The art of the opening set seems to have been somewhat lost.
Now, let me explain.
The ‘warm-up’ is the term used to describe the first DJ set of the evening. It is the set before the main guests, and headline artists take to the stage. The set takes place when the venue dance floor first starts to take shape.
There is a common misconception that the warm-up DJ isn’t considered as important as the rest of the scheduled guests. Although the set may not be one for glory, it is the one that creates the environment to evolve and work through its patterns.
The art of the warm-up is a subtle, nuanced affair, and its main characteristic is restraint.
If you are a DJ that gets booked for peak times, you don’t get many chances to tease your audience. You can’t coax or seduce (unless you are playing an extended set length). The warm-up set is perfectly positioned to give you just that.
Setting the mood and flow of the room, dictating its direction is, debatably, the most important set slot of the whole night. The atmosphere is fragile, almost raw and cold at this time and needs to be caressed and moulded with care.
The warm-up needs to tease the early arrivals, leading them to the same mindset and place. It needs to create the first chapter of the yet, unwritten story. An underlying rhythm connects the track to the dancefloor. The tempo builds to a crescendo in the art of story-telling.
Playing a warm-up is a chance to dig out all the weird and wonderful pieces of music that you can’t drop in a peak time set. The wobblers and rollers, the obscure and the weird and wonderful delights stored in a precious folder on the USB.
Over time, the art of this special and highly-skilled set time has faded away and been disrespected.
Many DJs playing the opening slot have become completely disconnected from the mood and busyness of the dancefloor. Instead, the set becomes an extension of the artist’s expression, rather than the subtle tempo setting that the environment requires.
Is this indulging the ego of the DJ rather than setting the scene for the event?
Statement: DJs are not willing to adapt to the context of a warm-up anymore.
DJing is in a constant state of evolution. This flux is a necessity to keep creations of both sets and music fresh. Is this the cause of the current disconnection issue at many events?
One potential explanation of the dying art is the over-saturation of DJs.
Now, this is not a dig at anybody; every single person in life should be able to get behind a pair of decks and express their musical passion. The point I am alluding to is competition. With so many DJs available and active, some see it as their chance to showcase their entire repertoire of skills by dropping their biggest tracks to impress. Is this a purely egotistical nuance? Probably not. It is trying to push their ability and get ahead.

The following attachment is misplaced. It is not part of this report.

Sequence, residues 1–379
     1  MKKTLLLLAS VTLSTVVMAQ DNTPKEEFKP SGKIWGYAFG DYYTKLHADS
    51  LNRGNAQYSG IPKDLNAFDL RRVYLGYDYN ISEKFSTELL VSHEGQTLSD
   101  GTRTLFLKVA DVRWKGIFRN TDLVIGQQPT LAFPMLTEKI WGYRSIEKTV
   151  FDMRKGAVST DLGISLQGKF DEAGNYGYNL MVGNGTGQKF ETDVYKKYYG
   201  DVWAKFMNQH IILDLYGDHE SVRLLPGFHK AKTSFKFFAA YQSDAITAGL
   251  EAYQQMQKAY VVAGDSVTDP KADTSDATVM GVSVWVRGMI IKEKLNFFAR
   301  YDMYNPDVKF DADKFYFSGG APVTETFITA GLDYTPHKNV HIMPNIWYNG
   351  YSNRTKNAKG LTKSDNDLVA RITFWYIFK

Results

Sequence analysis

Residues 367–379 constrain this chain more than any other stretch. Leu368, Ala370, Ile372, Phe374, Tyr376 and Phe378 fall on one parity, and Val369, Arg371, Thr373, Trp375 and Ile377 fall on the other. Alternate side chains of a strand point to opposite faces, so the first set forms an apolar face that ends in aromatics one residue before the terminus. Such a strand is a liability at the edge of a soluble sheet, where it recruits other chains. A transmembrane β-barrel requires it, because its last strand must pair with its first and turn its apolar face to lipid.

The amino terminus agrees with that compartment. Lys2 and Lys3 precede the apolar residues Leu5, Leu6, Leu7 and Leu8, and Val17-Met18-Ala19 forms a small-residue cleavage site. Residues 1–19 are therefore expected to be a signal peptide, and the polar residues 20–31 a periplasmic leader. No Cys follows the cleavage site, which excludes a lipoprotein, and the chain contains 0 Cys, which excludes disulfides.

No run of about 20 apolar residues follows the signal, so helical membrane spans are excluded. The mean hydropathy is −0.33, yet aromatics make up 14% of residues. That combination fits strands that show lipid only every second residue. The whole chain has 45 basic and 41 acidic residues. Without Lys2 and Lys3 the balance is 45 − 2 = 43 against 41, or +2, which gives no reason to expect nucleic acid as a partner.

Another potential reason is the way music is currently produced. Higher tempo productions are a common occurrence. The upbeat tempos naturally have a knock-on effect with the set itself. However, I don’t buy into this as if you are a true artist and dig for the music, the access to the right tracks, combined with your back catalogue, is ample.
Knowing your music is vital when constructing your set flow. With so much music available and the over-zealous & frankly bizarre nature of many to drop fresh promo’s and the latest tracks – not respecting archive material (often the best material). This in itself can cause a problem. If your knowledge of the tracks is basic, the lack of knowledge can confuse the flow of the set.
Let’s now look at it from another angle.
Some promoters use the first set of an event to book a ‘newcomer’ DJ who is eager to frequent lineups but does not have the necessary experience of reading crowds and gauging an environment to provide the right vibe. It is often a tactic used by a promoter. Bring in a DJ with a following of friends and get them to the gig. You know the score (I’ll give you a set mate, in exchange, you have to bring 10 friends and we will give out two drinks tokens).
We often talk about laziness in promoter setups and the inability to pull a crowd from their marketing strategies. If promoters truly want to create that all-encompassing and immersive experience for their crowds, they would book warm-up set specialists. They know it is vital for the event’s success.
I believe that it comes down to education.
DJs, in my view, need to go back to the roots and meaning behind the set time. Any newcomer should be venturing out to listen to as many opening sets as possible to learn how to construct the folders. Only by educating ourselves and learning the fine art, its technicalities and specifics, the realisation that this set time is to be cherished will drop.
My first real venture into learning the subtlety of this set was one I will never forget. An empty dance floor at a gloomy by nature, Brixton Academy. The expectations and anticipation for the main artist on the night – Booka Shade was floating around the room.
People around the bars lined their stomachs with beer when a certain Krankbrother took to the stage.
It is a set that I will never forget. The duo delicately took the vibe through its paces. The Krankbrother duo teased the early partygoers with some weird and wonderful sounds.
The journey was epic. No ‘bangers’ were evident, nor FX. It built the vibe. It got people in the right headspace, ready for the next stage of the journey. Delicate, mild-mannered, yet incredibly effective.
BOOK WARM-UP SET SPECIALISTS.
Events are being ruined by poorly constructed warm-up sets – played by inexperienced artists wanting to stamp their authority on proceedings. The result – a confusing mess.
DJs – learn the meaning and the art of the set time. Respect its origins and cherish the playing time by seducing the crowd. You will gain far more respect and profile by paying homage to the roots. In essence, your career will be more fruitful than you know.